Autonomous Environments: Designing Autonomous Experiences

January 2017 - May 2017, Junior Year | Group Members: Alex Palatucci, Jake Scherlis | Client: Fiat Chrysler Automotive

Thanks to the incredible advancements in design, engineering, and technology, self-driving cars are becoming a reality. We are headed towards a future possibly with no driver's licenses, allowing vehicles to transport us wherever, whenever.

This project is a collaboration between Product Design students at Carnegie Mellon University and Fiat Chrysler Automotive (FCA). We were given a very broad prompt: reimagine a future city with complete integration of autonomous vehicles. How would services, environments, and infrastructure change with the rise of autonomy? Our group focused specifically on how autonomous vehicles could be used as transportation spaces and environments with the intent of supporting communities of people.

Preliminary Research

Our first step in our exploratory research phase was to survey how people currently use vehicles. Our motivation behind this was that by learning what users currently use cars for, we could integrate these actions into future autonomous vehicles. 

How do you use your car?

What do you do in a car that you're not supposed to do?

What do you do as a passenger?

Affinity Clustering & Key Findings

Once we received survey results from around 50 people, we began to analyze this preliminary data using affinity clustering, creating relationships between responses and grouping them to determine the overarching trends. We found that people tended to use cars mostly as a tool for either getting someplace or for efficiency and convenience when running errands. Based on some of the qualitative questions we asked, people found that time spent in the car between stores while running errands was seen as wasted. 

We also asked questions about the car as a private space in order to better get a sense of user behavior within the vehicle space. Passenger behavior was mostly social, with most passengers interacting with the driver, changing the music, or interacting with others through their phone. In order to get insight on driver behavior, we asked about what users did in the vehicle that they shouldn't necessarily do. By asking this question, we hoped to understand how cars are viewed as private spaces, as opposed to transportation modules.

Ideation: Autonomous Vehicles as Environments

Using the insights from our surveys, we came up with a driving concept of reimagining autonomous cars not as cars, but "autonomous environments." They could be infinitely configurable for different modes and lifestyles, affording flexibility and modularity to users. We also wanted these autonomous environments to fit into future services, providing a platform seamless interactions between users and their needs.

We decided to map out an example to test our idea. We mapped out the actors, environments, interactions, and objects within the healthcare industry and thought about where exactly autonomous environments could fit within this framework in order to improve it. 

Creative Future Scenarios: AEIOU

Keeping with the theme of becoming more future-oriented as we researched autonomous environments, we decided to think of some wild scenarios to stay creative in the process. As a group, we came up with an AEIOU (Action, Environment, Interaction, Objects, Users) scenario to imagine a situation in the future that we could illustrate. In this scenario, "Frank" gets a call from his mom while he is running. He picks up using handsfree technology in his jacket hood and talks as he runs. His mother calls from her working autonomous environment, just to check up on him and see how he is doing.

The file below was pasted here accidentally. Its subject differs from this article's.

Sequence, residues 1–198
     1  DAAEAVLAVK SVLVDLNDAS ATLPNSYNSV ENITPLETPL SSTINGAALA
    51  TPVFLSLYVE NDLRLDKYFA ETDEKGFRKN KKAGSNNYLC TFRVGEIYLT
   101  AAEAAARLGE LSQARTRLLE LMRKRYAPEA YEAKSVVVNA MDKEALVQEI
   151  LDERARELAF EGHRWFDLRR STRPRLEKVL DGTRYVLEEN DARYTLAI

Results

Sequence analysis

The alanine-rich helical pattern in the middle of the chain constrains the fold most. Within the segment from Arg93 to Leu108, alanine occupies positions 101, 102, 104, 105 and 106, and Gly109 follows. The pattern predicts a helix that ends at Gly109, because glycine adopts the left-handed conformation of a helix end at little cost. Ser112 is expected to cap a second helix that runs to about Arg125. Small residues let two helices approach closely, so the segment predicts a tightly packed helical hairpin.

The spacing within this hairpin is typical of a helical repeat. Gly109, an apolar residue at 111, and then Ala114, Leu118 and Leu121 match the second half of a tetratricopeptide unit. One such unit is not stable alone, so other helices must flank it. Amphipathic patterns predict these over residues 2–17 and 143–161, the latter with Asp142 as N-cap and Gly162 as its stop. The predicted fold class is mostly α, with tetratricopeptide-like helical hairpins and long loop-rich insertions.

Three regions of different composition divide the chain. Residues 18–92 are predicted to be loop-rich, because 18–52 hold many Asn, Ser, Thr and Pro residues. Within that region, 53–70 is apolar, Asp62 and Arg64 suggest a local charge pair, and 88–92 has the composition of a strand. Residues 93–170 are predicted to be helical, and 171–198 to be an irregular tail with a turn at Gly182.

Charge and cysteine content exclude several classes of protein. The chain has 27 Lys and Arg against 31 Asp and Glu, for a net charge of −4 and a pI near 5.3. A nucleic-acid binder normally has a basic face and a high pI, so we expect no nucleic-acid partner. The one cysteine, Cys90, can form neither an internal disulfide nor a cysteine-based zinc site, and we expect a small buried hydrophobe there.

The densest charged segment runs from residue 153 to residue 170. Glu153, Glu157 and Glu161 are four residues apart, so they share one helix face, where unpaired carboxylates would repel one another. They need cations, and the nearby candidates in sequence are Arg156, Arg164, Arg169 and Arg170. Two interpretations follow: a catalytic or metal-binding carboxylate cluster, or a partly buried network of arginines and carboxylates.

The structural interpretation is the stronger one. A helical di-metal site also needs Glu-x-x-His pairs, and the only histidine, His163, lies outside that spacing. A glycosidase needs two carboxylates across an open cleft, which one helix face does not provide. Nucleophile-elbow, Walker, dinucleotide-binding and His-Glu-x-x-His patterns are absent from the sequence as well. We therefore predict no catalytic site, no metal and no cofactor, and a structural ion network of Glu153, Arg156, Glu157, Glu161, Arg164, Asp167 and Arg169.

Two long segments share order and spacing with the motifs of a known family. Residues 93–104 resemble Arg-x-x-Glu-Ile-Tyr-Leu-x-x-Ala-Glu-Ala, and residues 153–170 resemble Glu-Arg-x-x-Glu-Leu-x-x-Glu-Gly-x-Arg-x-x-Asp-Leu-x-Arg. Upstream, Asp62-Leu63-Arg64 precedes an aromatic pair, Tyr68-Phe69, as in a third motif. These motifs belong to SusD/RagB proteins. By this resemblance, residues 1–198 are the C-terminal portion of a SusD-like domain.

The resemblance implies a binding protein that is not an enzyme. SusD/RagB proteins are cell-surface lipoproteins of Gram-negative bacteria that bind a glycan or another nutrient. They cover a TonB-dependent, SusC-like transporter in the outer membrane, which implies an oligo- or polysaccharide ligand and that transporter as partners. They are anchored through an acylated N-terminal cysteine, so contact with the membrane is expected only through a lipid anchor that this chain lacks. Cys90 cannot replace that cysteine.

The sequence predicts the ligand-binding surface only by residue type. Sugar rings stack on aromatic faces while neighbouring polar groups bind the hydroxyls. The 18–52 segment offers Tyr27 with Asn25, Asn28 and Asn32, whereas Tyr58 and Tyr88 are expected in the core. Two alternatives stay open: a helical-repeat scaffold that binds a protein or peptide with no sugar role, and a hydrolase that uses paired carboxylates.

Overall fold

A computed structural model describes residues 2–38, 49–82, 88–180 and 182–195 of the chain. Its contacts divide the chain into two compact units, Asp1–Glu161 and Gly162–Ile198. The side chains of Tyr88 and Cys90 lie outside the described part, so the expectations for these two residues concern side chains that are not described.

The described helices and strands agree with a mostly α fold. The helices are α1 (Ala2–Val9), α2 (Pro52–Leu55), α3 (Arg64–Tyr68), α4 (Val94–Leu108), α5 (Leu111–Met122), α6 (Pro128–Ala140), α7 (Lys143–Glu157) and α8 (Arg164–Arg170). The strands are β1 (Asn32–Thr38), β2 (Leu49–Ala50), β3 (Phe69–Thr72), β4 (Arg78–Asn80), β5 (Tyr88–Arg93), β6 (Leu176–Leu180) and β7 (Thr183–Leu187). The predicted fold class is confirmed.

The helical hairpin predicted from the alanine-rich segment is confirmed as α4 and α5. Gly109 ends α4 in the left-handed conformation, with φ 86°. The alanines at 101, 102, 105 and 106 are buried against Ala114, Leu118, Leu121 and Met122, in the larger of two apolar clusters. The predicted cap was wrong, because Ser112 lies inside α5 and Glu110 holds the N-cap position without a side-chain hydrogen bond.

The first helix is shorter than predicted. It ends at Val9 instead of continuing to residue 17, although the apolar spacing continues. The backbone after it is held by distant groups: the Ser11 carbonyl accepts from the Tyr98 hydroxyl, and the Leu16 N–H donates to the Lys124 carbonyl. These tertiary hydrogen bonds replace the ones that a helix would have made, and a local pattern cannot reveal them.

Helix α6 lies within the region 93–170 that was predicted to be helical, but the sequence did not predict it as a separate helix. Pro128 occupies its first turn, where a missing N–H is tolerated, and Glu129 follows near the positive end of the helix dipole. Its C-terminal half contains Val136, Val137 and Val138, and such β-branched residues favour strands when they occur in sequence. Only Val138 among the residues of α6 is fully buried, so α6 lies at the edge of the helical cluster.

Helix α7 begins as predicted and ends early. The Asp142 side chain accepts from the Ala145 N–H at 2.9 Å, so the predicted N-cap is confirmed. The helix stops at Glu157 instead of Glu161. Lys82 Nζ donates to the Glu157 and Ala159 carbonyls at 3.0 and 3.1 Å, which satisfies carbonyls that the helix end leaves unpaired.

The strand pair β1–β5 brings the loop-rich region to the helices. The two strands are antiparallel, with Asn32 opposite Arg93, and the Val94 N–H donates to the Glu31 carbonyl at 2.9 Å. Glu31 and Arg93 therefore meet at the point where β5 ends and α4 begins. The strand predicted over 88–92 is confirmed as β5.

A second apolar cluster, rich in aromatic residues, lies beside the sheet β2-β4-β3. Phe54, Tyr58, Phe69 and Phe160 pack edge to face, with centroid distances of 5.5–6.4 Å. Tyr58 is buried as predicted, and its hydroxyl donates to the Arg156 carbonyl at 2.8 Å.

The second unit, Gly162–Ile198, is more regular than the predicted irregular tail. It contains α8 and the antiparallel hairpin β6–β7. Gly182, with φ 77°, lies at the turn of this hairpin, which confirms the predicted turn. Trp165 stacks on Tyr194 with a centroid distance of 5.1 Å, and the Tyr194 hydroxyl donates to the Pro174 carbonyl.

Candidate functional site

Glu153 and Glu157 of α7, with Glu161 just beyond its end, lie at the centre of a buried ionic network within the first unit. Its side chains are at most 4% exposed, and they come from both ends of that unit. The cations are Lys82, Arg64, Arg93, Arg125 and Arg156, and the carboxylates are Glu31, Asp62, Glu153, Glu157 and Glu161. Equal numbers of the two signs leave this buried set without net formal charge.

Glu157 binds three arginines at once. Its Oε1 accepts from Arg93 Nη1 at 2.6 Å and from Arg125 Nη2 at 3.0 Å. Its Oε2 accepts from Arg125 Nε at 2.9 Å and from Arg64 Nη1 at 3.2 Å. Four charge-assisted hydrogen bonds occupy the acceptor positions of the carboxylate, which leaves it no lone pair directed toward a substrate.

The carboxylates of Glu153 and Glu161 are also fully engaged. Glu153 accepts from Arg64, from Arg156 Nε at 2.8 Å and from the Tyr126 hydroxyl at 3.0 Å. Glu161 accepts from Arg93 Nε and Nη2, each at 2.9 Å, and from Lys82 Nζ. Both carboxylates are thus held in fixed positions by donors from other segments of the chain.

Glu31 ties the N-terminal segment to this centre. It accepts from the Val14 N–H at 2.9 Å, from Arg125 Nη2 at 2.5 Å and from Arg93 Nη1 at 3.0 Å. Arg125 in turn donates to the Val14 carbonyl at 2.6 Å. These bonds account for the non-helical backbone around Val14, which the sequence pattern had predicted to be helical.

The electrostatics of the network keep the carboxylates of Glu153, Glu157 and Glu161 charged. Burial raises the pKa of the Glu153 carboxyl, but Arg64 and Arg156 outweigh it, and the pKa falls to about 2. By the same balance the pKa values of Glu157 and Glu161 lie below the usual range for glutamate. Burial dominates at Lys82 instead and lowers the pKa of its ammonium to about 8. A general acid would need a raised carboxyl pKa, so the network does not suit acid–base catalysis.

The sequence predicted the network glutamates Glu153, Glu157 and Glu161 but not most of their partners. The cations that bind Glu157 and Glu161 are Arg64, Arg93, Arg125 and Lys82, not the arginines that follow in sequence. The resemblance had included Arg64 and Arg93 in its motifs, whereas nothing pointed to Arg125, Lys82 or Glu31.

Creative Future Scenarios: Day in The Life

We also brainstormed a "day in the life" in a future where autonomous vehicles are utilized as modular environments, interfacing with services in order to create a seamless experience. We began with a situation: a man, "Joe," is getting his cast adjusted by a nurse who arrived in her mobile urgent care unit. We branched out from there into what Joe does during his day, where the nurse goes, and how Joe communicates with others. While this was a crazy scenario, it helped us realize the plausibility of this idea. Visualizing autonomous vehicles as mobile platforms that afford transitional, comfortable, and flexible spaces was when we finally became aware of a real opportunity.

Engaging User Participation: Bodystorming

In order to get more insight into the feasibility into the idea of autonomous mobile spaces, we set up a bodystorming workshop. We asked 3 participants - two designers and one non-designer - to redesign the interior of an empty box truck that had been donated to them. They were going on a 3 day trip to a destination of their choosing and could outfit the box truck however they wanted. The truck had its own chauffeur and would drive them wherever they wanted. The scene was set as far into the future as they would like in order to encourage the most creative of responses, "future magic" being an acceptable reason for some of the technology and innovations that they participants wanted to incorporate. 

Participants created a comfortable space for socializing and were also invested in the idea of having lots of flexibility with regard to the activities possible in the space. They pointed out key aspects of the space, such as a couch, a bike storage area, a quiet space, bunk beds, and other elements that they deemed important to their road trip experience. The bodystorming exercise solidified our concept that we wanted to explore autonomous vehicles as mobile, flexible spaces that people and communities could customize to their liking.

Ideation + Video Storyboarding


CMU Product Designers + the Fiat Chrysler design team (including the wonderful Ralph Gilles)

CMU Product Designers + the Fiat Chrysler design team (including the wonderful Ralph Gilles)